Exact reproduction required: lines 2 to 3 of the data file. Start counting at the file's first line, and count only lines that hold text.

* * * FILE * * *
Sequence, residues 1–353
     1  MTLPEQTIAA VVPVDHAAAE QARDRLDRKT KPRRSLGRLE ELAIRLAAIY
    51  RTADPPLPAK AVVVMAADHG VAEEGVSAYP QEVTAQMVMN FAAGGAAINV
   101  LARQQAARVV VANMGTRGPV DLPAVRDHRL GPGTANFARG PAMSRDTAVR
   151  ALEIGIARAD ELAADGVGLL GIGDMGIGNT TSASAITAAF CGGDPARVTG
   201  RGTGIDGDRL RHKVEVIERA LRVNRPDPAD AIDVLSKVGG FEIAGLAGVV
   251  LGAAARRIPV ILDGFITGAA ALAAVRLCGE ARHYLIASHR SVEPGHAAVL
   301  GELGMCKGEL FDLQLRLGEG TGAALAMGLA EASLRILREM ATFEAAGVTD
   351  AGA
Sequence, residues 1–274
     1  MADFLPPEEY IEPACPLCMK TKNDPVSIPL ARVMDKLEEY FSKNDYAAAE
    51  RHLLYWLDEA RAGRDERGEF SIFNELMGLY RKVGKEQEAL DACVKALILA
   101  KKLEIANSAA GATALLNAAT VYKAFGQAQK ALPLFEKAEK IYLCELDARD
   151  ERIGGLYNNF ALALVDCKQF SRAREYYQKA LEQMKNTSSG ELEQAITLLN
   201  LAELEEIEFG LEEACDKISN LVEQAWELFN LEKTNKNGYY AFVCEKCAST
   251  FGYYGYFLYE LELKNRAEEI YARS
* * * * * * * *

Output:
     1  MTLPEQTIAA VVPVDHAAAE QARDRLDRKT KPRRSLGRLE ELAIRLAAIY
    51  RTADPPLPAK AVVVMAADHG VAEEGVSAYP QEVTAQMVMN FAAGGAAINV